The greater majority of cancer may be influenced by environment and lifestyle factors.
That’s what the authors of a new study in the journal Nature argue. External factors such as exposure to toxins and radiation are a major risk factor in developing cancer, the new study says.
“Environmental factors play important roles in cancer incidence and they are modifiable through lifestyle changes and/or vaccination” the authors write.
Looking at the increasing incidences of various types of cancers, including lung cancer, the authors concluded that “large risk proportions for cancer are attributable to changing environments” such as smoking and air pollutants. Exposure to the sun and poor diet play a role.
This has been widely known among scientists, and might sound like the advice you hear from your doctor. But what this study does is build upon a conversation about how cancer starts and why there is some variability in the kinds of cancers.
Earlier this year a study that ran in the journal Science set off a public health debate when media interpretations of the work concluded that many of the cancers were due to “bad luck.” In fact, the authors of that paper Dr. Bert Vogelstein, a prominent geneticist, and biostatistician Cristian Tomasetti said they were merely talking about variety in cancers in 31 different tissue types.
Vogelstein and Tomasetti believed some of the variation — for example, why there were more instances of colon cancer than brain cancer — may be in part due to random mutations that came up during DNA replication in normal, noncancerous stem cells, the study said. That means some people develop cancers because of “bad luck” at the cellular level, they said in the paper.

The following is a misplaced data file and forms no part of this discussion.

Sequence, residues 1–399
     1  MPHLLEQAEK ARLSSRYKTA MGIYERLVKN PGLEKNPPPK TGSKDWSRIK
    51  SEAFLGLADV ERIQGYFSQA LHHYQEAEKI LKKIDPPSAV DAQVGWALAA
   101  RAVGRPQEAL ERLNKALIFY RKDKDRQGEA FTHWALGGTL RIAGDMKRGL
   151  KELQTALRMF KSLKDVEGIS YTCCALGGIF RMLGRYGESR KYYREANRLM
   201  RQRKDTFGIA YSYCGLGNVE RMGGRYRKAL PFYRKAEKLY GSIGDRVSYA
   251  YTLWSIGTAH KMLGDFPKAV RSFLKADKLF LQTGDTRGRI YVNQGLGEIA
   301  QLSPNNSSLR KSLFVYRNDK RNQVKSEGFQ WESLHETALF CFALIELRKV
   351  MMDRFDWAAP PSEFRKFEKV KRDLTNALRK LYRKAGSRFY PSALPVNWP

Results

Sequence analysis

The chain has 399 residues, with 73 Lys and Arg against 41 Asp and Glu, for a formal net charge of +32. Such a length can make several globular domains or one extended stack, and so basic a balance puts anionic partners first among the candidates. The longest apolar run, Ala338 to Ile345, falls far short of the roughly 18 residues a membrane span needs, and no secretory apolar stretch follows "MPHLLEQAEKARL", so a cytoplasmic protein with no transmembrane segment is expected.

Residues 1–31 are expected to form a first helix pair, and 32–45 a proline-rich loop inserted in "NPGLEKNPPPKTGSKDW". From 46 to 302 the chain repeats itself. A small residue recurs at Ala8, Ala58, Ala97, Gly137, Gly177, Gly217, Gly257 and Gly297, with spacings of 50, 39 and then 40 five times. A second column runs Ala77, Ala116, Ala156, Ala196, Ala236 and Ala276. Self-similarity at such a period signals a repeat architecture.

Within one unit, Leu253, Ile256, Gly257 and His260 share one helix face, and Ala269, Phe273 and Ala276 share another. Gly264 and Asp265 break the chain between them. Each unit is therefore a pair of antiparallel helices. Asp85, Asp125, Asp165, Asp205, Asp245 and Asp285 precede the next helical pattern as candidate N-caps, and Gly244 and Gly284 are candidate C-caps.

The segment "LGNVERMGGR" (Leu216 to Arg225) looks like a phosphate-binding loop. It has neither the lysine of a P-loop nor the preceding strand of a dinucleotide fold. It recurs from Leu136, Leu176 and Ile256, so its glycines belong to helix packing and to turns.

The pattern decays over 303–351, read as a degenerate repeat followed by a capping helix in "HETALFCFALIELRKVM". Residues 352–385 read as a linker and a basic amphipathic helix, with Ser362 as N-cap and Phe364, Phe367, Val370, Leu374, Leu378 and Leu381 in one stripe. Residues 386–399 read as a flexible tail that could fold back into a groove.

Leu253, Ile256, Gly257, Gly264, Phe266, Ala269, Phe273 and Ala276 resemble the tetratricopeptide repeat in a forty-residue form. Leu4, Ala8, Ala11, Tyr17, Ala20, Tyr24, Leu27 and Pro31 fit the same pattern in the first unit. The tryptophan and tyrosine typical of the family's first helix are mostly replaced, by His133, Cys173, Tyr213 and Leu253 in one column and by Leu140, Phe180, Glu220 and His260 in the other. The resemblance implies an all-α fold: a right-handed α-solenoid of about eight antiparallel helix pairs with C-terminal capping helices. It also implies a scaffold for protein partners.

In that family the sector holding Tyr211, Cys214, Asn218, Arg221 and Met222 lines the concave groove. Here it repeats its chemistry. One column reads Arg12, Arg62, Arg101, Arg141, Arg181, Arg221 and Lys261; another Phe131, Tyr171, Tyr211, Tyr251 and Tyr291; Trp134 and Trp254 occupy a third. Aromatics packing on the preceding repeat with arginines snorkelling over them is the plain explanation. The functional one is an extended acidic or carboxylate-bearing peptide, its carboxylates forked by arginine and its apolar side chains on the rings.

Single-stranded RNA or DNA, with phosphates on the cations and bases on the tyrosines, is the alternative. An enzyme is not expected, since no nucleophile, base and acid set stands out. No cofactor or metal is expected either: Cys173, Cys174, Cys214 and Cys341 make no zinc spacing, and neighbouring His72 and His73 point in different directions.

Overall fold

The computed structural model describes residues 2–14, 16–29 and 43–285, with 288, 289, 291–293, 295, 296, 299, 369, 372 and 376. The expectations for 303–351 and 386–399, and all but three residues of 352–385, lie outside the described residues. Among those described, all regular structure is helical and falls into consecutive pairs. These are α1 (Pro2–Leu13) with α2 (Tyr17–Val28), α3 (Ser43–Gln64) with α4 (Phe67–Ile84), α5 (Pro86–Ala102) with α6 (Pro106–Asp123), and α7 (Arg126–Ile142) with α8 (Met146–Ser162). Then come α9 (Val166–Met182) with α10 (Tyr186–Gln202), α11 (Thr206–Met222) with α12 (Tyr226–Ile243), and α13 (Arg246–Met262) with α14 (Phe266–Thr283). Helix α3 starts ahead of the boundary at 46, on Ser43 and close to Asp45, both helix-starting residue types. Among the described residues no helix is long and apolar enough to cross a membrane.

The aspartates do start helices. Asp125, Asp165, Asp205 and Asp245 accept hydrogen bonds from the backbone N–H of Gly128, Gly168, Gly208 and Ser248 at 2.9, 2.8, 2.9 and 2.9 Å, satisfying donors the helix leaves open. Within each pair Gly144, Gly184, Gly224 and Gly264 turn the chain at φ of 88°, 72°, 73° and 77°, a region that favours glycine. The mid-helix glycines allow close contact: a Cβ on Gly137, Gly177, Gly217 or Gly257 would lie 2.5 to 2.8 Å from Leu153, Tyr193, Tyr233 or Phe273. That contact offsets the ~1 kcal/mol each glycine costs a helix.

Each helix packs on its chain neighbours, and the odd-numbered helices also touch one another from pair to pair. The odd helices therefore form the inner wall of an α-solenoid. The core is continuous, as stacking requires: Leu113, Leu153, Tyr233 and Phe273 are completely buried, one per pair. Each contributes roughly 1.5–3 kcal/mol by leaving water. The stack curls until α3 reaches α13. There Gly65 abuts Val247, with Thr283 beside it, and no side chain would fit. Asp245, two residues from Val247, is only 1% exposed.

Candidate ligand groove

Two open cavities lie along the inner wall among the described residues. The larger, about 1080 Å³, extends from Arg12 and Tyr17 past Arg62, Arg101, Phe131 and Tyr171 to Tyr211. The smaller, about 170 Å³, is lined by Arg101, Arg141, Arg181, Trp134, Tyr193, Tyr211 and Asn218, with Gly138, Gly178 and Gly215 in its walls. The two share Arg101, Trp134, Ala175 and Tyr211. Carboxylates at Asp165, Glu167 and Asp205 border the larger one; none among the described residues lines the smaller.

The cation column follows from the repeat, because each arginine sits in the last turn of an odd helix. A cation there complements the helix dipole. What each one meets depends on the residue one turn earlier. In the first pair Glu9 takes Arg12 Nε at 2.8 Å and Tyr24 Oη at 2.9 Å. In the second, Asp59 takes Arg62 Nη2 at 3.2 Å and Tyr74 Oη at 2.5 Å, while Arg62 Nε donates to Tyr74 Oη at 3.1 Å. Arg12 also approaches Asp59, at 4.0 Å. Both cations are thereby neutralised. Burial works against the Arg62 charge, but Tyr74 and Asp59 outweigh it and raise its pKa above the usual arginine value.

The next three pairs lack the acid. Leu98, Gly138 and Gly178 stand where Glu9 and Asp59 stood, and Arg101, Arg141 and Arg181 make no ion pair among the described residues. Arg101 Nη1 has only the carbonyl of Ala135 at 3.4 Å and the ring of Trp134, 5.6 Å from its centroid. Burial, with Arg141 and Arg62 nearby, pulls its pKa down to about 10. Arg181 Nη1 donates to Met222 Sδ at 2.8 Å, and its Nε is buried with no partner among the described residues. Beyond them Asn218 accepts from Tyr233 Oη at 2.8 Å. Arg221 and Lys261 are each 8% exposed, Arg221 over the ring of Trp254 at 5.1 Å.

The authors of that study said that did not give people license to start smoking or start using tanning beds. Essentially, the authors wanted researchers to take this factor into consideration when they do more research to figure out how to fight cancer.
What may have contributed to some of the misinterpretation was a typographical error in the last sentence of the work that said “primary prevention measures are not likely to be effective” for 22 cancers including melanoma.
Tomasetti said they actually said that “primary prevention measures are not ‘as’ likely to be effective.” Without the word “as,” the meaning of the sentence changed. It has since been corrected in the online version of the story.
The World Health Organization’s International Agency for Research on Cancer issued a press release at the time that said the agency “strongly disagrees” with the conclusion of the report. It said “concluding that ‘bad luck’ is the major cause of cancer would be misleading and may detract from efforts to identify the causes of the disease and effectively prevent it.” Nearly half of cancers, the agency argued, could be prevented if people changed their lifestyle or reduced their environmental exposure to cancer-causing agents.
In building on the numbers from the earlier study, this latest research used four different approaches to estimate the causes of cancer. Their work including computer models, genetic evaluation and population data to conclude that only 10% to 30% of cancers started because of this “bad luck” factor. The greater majority of cancer might be due to outside factors. Co-author Dr. Yusuf Hannun who is the Director of the Stony Brook University Cancer Center said this is still early-stage work.
“We all advocate strongly for much more research how cancer starts and we want to know more about what are the risk factors and how do they work,” Hannun said.
Bottom line: If you smoke or are overweight or use a tanning bed, you worsen your odds of getting cancer. You can do a lot to reduce your cancer risk, and you can’t just blame “bad luck” for getting sick, but keep in mind “bad luck” at a cellular level can play a role too.
This thought piece is courtesy of Jen Christensen and Kevin Flower / CNN.com / Dec 18, 2015